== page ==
You may not look good in blue tights or be able to fly, but you can check out as well. An iceberg isn’t necessary, just time. Take a look at your busy day and find spots that aren’t so busy. If you can’t find them, create them.

I’m currently getting out of bed an hour earlier than usual. It’s totally quiet and the house is still. Nobody is awake yet and there are no overstimulation monsters to get me.

During this time, I sit with a notebook and pen and come up with ideas to write about. It isn’t completely technology deficient, at points I do type up things on my computer, or do focused research.

It doesn’t even have to be completely ‘silent’. I don’t sit in the dark and chant like a monk — at least not yet. I have chosen the music I’ll play that doesn’t distract me.

This is my fortress of solitude. It’s not necessarily a place. I could do this anywhere. It’s more of a time and practice for creation. It’s my version of meditation for creativity. The author Ryan Holiday might call this ‘stillness’.

It’s a time for reflection, creativity, and thinking. You can have your own version of this if you so choose. The stimulation may surround you like Starbucks locations, but you can drown it out with your own kind of silence or stillness.

As Holiday mentions in his book Stillness Is The Key, the idea of ‘stillness’ doesn’t even need to involve you sitting still.

Hijacking The Technology Of Stimulation

Photo by Henry Be on Unsplash

Stimulation can hit you like a wave and drag you into a current where you’ll drown. However, if you can direct the wave, it can create mobile fortresses of solitude where you can think and expand your mind.

Technology also offers gifts if you know where to look. The traffic jam you find yourself stuck in can be an opportunity to learn. Turn your car into a classroom. Podcasts enable you to be in the front row of great lectures by the thinkers of our day.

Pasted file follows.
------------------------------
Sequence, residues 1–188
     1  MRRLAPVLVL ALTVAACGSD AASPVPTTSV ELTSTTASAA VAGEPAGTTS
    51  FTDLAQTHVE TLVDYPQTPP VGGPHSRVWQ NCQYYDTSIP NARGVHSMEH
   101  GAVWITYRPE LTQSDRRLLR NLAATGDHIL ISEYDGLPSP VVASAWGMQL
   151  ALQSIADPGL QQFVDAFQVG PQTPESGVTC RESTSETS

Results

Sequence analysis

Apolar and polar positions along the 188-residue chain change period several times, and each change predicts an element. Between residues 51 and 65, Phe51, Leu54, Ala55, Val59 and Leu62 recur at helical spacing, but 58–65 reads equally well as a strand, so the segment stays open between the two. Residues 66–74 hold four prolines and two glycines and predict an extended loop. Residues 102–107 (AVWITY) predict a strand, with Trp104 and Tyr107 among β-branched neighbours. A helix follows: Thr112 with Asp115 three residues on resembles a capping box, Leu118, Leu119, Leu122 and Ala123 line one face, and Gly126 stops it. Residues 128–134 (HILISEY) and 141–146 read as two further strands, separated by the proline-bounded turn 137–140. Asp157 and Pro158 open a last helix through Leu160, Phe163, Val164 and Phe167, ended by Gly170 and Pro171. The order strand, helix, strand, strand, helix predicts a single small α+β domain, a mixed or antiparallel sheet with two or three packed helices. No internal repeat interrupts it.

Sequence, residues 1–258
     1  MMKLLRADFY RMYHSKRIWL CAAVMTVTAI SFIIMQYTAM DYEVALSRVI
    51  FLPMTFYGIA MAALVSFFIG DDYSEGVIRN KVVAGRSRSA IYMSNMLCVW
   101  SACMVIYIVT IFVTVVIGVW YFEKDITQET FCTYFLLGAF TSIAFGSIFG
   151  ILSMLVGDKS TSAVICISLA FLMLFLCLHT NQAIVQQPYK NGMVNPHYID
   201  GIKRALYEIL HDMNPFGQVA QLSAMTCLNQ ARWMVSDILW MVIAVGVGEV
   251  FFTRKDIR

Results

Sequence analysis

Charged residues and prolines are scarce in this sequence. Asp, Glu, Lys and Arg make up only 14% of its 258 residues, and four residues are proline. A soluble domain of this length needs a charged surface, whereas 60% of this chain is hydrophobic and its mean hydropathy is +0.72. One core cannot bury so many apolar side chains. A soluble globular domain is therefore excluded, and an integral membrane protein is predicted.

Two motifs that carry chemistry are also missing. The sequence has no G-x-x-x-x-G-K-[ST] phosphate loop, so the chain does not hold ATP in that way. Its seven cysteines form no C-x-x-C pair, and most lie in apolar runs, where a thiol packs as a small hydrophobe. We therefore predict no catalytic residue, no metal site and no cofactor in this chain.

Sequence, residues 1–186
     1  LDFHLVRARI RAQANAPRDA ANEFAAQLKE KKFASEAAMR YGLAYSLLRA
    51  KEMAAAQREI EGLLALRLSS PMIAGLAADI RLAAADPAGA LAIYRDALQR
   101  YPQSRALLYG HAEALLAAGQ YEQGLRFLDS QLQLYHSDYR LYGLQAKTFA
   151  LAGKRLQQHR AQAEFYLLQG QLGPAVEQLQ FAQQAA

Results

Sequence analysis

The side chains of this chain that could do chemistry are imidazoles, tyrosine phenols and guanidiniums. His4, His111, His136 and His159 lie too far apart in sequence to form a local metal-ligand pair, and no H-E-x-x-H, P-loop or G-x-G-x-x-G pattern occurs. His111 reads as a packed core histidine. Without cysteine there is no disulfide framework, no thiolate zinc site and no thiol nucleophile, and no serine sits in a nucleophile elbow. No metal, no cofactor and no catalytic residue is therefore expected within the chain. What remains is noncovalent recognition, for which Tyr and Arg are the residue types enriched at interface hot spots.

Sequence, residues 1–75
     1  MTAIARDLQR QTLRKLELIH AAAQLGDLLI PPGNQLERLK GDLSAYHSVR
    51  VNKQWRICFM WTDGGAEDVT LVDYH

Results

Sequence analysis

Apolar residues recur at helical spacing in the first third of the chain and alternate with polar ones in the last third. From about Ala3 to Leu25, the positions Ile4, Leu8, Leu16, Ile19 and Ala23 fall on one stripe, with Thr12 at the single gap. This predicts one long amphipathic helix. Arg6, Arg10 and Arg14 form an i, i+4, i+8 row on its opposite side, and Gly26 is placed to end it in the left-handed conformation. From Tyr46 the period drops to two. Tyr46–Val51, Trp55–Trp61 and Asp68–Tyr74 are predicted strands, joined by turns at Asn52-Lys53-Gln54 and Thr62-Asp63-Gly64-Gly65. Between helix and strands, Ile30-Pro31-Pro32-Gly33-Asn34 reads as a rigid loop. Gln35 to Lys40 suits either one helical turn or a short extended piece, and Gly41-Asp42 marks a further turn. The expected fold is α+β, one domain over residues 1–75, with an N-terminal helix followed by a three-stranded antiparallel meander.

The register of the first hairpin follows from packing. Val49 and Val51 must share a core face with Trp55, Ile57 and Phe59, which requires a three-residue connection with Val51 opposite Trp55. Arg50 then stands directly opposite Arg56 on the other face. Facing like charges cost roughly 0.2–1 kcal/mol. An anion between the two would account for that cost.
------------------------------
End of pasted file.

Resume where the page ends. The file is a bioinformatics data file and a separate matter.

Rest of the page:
The ancient Greeks would have had to go to a philosophy school to hear Epictetus or Aristotle speak. You can click a button and listen to the philosophers of modern times.

While you jog, your mind can be free to learn and explore. As your feet hit the ground rhythmically and mechanically let ideas build your mobile fortress of solitude.

My car works as a mobile platform of learning. As I’ve sat in traffic, I’ve listened to 20 books in the past 8 months and countless lectures. Despite the chaos around me, there’s peace and stillness in my car.

Create Your Peace And Stillness

You can create your own fortress of solitude with a bit of planning. Use this time of reflection to quiet your mind. It can be sitting in a physical room while you think, review, and create. Or it can be when you’re on the move, listening to mind-expanding conversations and lectures.

You may live in a world of computers and robots, but you’re not one and never will be. Despite the chaos, you can build times of creativity, peace, and stillness. Technology can be hijacked to stimulate you in the correct way.

There’s a symphony in the cacophony of noise in your every day if you just know where to listen.

Thank you for reading my ramblings. If you’ve enjoyed what you’ve read, please share.

Live Your Life On Purpose

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Erik Brown

Written by

Work out fanatic, martial artist, student, MBA, and connoisseur of useless information.

Live Your Life On Purpose

Get Purpose. Get Perspective. Get Passion.